After that big knit, I found myself ready for some crochet. I didn’t know it at the time, but when I was wandering through Michael’s while Joe got his hair cut (I’ve convinced him that the Hair Cuttery next to Michael’s is so much better than the one next to Whole Foods), these Caron Cakes were on sale, 30% off – and my curiosity got the best of me. I don’t knit with acrylic, so the project was going to be crochet, and I thought, yep, that is actually what I’m in the mood for – crochet it is! Caron Cakes is actually 20% wool, and that bit of wool really makes a difference. If you put this yarn in a bag with pure wool, and I were blindfolded, I’d probably have a tough time identifying the fakery. Unlike a pure acrylic, this doesn’t feel stiff, nor does it squeak like the Caron pound skeins. Because of the color changes, I really wanted to do something that just went round and round, so here is the beginnings of my shell blanket:
Easy peasy. Round and round. Of course, while I’m doing this easy peasy thing, I have my eye on something harder, the Nuts for Squares CAL, but I’ve promised myself I’m going to finish this first, or at least finish off the four skeins that I bought of the Caron Cakes, before I invest in another project – gotta keep that wandering eye looking firmly straight ahead. It’s so easy to get distracted, and you have too much Ravelry time on your hands.
So, that’s what I’m crafting on about, hope your summer crafting is moving right along was well. Linking up with Linking up with Frontier Dreams, Crafting On!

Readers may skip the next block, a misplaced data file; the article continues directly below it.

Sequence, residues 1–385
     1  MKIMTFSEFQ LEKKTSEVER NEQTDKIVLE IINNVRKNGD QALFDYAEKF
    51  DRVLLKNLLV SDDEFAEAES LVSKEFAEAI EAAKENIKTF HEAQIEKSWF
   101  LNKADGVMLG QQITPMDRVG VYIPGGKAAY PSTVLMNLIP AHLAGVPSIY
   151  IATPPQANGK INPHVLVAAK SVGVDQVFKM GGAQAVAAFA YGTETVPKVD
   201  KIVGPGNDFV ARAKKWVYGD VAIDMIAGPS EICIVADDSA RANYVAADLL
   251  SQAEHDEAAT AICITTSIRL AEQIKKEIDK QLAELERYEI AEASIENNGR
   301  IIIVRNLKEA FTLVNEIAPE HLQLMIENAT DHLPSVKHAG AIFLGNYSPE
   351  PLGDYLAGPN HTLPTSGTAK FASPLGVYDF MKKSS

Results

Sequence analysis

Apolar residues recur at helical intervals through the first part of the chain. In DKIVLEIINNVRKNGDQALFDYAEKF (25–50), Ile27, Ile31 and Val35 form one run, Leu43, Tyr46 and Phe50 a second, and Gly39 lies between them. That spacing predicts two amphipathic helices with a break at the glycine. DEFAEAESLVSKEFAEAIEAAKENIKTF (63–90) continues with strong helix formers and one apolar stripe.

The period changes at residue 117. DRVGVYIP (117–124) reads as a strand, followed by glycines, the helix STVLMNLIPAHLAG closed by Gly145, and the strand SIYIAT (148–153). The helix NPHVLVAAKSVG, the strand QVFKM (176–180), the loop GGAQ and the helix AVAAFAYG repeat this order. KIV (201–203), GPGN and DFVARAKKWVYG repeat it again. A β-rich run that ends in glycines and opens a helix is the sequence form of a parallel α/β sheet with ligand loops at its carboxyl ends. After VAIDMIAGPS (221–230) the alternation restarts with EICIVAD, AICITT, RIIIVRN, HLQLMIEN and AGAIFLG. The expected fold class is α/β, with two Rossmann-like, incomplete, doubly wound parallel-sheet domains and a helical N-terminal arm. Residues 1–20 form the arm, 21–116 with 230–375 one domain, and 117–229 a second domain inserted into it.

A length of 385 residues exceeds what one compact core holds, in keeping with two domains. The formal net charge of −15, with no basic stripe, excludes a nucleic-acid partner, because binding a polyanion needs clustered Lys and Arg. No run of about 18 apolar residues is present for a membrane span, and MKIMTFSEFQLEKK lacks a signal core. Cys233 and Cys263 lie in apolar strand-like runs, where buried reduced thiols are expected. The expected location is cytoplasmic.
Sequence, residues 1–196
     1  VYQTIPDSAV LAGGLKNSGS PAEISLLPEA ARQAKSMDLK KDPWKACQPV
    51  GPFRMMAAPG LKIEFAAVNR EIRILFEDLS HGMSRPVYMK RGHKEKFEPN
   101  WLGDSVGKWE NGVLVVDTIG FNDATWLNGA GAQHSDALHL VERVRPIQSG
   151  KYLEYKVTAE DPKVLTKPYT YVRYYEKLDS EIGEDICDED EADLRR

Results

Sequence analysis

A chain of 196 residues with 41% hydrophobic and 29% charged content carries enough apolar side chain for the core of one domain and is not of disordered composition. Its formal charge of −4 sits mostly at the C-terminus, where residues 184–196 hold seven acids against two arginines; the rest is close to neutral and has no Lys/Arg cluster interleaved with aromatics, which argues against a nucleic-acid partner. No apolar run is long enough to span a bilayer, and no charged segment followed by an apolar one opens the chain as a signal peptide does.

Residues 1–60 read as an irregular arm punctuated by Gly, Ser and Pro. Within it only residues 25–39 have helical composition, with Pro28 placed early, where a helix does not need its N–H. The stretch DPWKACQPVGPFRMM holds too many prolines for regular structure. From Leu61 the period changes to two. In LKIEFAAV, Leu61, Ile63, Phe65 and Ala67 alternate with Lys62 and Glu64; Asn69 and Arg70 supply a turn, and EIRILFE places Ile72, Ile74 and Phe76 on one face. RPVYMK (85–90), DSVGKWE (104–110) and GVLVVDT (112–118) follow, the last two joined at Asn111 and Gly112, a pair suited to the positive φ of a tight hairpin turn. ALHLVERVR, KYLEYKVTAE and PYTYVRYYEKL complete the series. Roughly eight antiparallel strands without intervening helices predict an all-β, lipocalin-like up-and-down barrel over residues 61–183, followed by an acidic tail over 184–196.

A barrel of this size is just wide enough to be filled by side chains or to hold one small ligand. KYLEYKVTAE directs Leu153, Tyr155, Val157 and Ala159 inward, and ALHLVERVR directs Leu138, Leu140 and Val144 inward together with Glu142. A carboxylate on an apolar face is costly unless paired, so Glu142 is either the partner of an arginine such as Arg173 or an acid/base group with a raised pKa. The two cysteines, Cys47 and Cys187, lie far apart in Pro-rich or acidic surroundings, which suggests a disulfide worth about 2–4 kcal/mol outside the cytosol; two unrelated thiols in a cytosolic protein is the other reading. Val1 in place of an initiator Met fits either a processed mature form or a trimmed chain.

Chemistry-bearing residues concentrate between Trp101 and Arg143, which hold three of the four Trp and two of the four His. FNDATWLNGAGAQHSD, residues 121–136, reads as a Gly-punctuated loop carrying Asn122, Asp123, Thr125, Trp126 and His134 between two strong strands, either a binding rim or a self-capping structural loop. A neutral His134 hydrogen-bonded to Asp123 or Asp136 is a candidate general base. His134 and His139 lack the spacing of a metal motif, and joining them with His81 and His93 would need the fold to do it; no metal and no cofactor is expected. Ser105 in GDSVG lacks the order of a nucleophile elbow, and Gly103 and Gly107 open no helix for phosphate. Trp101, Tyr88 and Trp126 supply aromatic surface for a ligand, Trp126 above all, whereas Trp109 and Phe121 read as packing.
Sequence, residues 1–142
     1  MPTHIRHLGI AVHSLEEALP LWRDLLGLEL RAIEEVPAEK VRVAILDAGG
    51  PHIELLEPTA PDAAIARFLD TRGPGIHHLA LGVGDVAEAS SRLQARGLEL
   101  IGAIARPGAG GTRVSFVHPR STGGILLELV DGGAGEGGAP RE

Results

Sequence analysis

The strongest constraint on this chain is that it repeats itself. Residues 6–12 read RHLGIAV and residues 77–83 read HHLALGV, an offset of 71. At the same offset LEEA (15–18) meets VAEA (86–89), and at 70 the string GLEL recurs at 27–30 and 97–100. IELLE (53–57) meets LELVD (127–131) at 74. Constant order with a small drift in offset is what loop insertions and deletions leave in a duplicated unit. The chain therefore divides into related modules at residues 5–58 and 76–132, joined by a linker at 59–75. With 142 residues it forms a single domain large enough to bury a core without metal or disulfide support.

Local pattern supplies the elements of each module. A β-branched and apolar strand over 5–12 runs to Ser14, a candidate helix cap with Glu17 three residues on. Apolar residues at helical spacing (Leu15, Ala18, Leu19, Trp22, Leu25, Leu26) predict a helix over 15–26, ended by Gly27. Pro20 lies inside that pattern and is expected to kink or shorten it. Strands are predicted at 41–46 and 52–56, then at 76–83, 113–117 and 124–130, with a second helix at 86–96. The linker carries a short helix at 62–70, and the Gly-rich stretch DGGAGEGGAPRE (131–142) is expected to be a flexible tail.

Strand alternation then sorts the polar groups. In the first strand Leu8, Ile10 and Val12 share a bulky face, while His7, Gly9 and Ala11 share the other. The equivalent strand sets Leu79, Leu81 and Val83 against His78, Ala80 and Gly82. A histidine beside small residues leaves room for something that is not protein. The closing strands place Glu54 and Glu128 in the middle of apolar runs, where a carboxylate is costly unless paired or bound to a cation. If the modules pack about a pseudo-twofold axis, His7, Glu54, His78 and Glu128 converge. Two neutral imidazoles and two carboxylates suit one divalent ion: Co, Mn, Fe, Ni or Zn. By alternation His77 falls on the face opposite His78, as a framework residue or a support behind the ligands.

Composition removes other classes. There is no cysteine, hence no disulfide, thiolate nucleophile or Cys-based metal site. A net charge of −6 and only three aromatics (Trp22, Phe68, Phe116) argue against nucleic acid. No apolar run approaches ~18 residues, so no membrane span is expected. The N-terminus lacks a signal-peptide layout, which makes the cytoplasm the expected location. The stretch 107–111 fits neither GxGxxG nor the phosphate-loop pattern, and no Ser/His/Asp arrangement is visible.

Hello Wednesday! Is it really you! Good to see you, my time suck of a calendar day. Before the day goes poof, here’s a run down of the knit/crochet happenings since February –
The Ambah MKAL
As you may recall, my knit started out looking like this:
I guess it turned out ok – I haven’t even blocked it, or weaved the ends in. I guess I’m still meh about it.
Buzz the House Fly
So, to cheer myself up about my meh-ness, I decided to crochet a Lalylala critter – looking through my stash, I didn’t have the best combo of solid finger colors, so I went with some purple Koigu and Buzz, the House Fly:
I think he turned out super cute! Emboldened with my amigurumi prowess, I decided to finally try an Octopus for a Preemie.
I joined this Facebook group probably the week it started, as I had seen an article about the program, and thought, well, since I like crocheting critters, and my husband doesn’t appreciate them, and my nieces and nephews are really getting to old for stuffed animals, this seems like a good idea.